And it's not like previous bidding cities weren't doing it, either. Nagano & Sydney were also accused of bribes but nothing ever came of it. It was only Salt Lake's rough luck that they got caught with their hand in the cookie jar. So please, stop embellishing.

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Good to see baron edited out the last line from his last post.. this forum is something else!

kernowboy.. the bribes may have played a part in the 2002 bidding, but like you brought up, it came after Salt Lake had nearly beaten Nagano and that vote came less than 9 months after Atlana's win. Even still, SLC won in the 1st round with a pretty wide margin up against weak competition, so not unlike Atlanta, at that point it was almost a win by default, regardless of what was happening behind the scenes with the IOC.

As for the 2022 race, baron brought up an interesting point about the Euro bids, but I'm gonna flip this one on him. Let's say the field is Munich, Oslo, and Reno (I'm not going to dismiss Reno's chances based on perception, I think it's the technical side they're going to fall short, but that's for another thread). Popular wisdom says that if you're backing, say, Oslo and they go out in the first, you throw your support behind Reno to preserve the hopes of a European host for 2026. Well, who's to say there wouldn't be 2 consecutive Winter Olympics in Europe? And if I'm Oslo and don't get 2022, do I want to go up against Reno/Denver for 2026 or do I want to go up against Munich on their 3rd try? That's why I think we're looking at a European city getting 2022, and right now I'd still wager that city will be Munich, although from the info kernowboy is giving us on Olso (and Munich for that matter.. appreciate the information), they both seem like stronger candidate than what the United States is offering right now.

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As for the 2022 race, baron brought up an interesting point about the Euro bids, but I'm gonna flip this one on him. Let's say the field is Munich, Oslo, and Reno (I'm not going to dismiss Reno's chances based on perception, I think it's the technical side they're going to fall short, but that's for another thread). Popular wisdom says that if you're backing, say, Oslo and they go out in the first, you throw your support behind Reno to preserve the hopes of a European host for 2026. Well, who's to say there wouldn't be 2 consecutive Winter Olympics in Europe? And if I'm Oslo and don't get 2022, do I want to go up against Reno/Denver for 2026 or do I want to go up against Munich on their 3rd try? That's why I think we're looking at a European city getting 2022, and right now I'd still wager that city will be Munich, although from the info kernowboy is giving us on Olso (and Munich for that matter.. appreciate the information), they both seem like stronger candidate than what the United States is offering right now.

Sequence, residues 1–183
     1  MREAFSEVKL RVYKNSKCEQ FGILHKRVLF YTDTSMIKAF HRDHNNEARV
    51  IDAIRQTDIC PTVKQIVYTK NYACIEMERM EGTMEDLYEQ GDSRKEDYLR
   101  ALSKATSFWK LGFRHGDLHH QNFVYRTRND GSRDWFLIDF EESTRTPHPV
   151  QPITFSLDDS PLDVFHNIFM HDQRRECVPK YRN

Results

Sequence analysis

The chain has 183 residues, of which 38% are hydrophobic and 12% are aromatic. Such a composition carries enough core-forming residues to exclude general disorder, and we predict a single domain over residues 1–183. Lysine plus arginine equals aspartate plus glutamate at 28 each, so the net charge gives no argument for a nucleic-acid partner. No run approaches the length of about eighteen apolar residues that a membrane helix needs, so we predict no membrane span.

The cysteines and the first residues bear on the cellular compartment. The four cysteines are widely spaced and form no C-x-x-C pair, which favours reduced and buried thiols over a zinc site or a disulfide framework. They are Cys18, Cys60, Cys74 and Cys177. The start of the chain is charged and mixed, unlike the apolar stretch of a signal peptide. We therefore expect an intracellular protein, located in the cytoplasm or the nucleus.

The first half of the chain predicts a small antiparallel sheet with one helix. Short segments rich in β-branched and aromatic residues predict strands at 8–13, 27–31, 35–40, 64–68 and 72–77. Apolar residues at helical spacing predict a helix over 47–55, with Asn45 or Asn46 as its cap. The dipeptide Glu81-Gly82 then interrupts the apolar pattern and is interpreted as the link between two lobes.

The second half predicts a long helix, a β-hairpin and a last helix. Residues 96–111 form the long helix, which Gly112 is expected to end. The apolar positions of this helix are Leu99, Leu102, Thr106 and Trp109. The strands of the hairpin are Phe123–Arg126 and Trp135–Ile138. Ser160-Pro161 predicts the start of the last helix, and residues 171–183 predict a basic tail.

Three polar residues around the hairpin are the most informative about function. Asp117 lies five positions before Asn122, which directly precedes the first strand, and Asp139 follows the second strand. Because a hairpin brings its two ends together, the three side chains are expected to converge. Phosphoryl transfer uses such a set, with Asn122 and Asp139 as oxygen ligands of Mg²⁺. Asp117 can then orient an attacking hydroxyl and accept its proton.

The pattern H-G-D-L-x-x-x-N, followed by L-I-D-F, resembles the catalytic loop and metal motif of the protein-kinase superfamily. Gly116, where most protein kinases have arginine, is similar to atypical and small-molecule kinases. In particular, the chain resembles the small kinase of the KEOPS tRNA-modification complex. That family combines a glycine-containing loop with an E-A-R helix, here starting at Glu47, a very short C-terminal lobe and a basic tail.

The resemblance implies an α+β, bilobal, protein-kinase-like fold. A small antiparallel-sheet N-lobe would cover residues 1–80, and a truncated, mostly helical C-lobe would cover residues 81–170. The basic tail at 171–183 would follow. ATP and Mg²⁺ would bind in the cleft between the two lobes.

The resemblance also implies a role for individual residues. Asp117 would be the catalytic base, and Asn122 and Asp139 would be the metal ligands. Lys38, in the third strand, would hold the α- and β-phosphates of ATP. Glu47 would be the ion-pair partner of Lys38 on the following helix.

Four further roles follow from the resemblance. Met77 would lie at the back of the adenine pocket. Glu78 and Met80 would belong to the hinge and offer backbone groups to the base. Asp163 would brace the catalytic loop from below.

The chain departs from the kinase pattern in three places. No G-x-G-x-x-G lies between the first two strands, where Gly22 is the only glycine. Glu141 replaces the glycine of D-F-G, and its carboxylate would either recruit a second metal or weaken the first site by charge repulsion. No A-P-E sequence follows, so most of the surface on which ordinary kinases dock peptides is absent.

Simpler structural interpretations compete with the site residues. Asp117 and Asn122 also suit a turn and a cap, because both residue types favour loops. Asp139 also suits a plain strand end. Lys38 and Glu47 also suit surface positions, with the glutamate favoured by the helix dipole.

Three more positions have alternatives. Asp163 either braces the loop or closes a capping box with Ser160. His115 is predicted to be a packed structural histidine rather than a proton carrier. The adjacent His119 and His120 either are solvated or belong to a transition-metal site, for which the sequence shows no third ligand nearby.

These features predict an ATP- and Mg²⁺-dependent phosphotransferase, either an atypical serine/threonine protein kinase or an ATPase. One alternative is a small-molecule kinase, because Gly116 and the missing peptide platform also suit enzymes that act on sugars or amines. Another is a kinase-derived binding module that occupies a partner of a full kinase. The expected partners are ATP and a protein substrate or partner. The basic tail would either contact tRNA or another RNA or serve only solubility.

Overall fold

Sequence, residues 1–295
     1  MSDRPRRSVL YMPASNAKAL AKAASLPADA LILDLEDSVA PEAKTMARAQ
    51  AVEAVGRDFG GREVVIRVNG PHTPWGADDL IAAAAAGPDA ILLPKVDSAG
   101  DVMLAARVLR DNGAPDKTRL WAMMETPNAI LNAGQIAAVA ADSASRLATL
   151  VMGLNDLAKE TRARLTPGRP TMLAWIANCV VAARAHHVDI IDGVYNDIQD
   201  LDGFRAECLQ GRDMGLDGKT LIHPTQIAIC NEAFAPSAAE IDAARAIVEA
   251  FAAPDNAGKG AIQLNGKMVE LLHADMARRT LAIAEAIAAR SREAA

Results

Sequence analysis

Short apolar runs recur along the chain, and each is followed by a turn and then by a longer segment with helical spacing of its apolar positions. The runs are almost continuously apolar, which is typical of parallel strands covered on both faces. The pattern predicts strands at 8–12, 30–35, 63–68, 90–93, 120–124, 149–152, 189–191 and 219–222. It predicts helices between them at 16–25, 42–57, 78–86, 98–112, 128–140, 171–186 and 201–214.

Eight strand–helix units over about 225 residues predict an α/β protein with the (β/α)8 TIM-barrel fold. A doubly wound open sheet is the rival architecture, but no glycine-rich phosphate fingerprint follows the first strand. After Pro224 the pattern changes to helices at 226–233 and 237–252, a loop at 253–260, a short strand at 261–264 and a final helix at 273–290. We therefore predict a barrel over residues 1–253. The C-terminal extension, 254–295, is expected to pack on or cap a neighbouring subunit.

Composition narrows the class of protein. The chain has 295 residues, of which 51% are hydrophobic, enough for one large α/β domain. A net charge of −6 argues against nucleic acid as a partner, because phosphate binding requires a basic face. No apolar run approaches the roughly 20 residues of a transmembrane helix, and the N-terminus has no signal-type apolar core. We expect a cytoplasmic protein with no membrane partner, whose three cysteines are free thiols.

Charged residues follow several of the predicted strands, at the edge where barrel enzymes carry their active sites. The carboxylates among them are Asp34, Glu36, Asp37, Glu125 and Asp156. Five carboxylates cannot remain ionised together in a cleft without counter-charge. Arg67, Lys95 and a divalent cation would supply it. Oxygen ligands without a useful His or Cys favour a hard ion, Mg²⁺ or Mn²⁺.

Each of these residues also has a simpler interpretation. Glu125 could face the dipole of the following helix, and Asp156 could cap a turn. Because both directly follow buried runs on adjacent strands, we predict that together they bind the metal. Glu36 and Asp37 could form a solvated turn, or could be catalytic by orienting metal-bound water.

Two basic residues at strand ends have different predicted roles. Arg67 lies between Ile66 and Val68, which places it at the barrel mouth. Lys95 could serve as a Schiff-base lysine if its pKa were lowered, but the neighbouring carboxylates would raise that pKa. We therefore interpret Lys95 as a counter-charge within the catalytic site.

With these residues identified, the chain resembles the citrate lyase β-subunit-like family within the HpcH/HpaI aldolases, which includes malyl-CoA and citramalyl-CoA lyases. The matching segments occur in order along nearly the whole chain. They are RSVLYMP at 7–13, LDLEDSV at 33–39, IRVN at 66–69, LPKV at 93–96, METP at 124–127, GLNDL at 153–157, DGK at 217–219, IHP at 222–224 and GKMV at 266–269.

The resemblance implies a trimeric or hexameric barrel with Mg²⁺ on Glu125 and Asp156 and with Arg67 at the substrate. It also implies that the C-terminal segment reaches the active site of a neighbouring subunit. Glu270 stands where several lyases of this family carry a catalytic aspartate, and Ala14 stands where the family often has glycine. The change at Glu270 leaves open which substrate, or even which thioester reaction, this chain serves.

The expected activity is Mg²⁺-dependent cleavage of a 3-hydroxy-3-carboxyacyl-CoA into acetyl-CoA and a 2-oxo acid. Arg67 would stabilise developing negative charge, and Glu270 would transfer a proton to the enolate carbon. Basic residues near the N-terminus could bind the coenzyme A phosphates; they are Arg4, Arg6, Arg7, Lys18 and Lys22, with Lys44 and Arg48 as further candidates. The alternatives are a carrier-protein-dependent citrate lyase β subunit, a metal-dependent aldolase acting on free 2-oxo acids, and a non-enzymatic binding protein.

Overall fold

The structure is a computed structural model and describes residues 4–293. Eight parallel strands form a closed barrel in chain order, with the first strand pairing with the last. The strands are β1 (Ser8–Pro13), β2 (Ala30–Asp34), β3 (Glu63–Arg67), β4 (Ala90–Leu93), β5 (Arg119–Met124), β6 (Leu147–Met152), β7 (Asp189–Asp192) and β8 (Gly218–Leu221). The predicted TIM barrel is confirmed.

Surely, no one can predict that. But I think with the mixture of the IOC becoming more international, even at a glacial pace, I think, or would like to think that in this 2nd decade, IOC'ers really think more internationally rather than regionally, and would stick to spreading the Games around, especially if 2020 will be European. I am sure by the time the 2020 races packs up, the pulse for Durban 2024 will be felt..so I think, or would like to think that the 2022 race should be played against the backdrop of where the bigger 2020 and 2024 awards have gone/going to; and they might toss a bone to their 'sugar daddy/mommy...whatever,' as they are prone to do so once in awhile.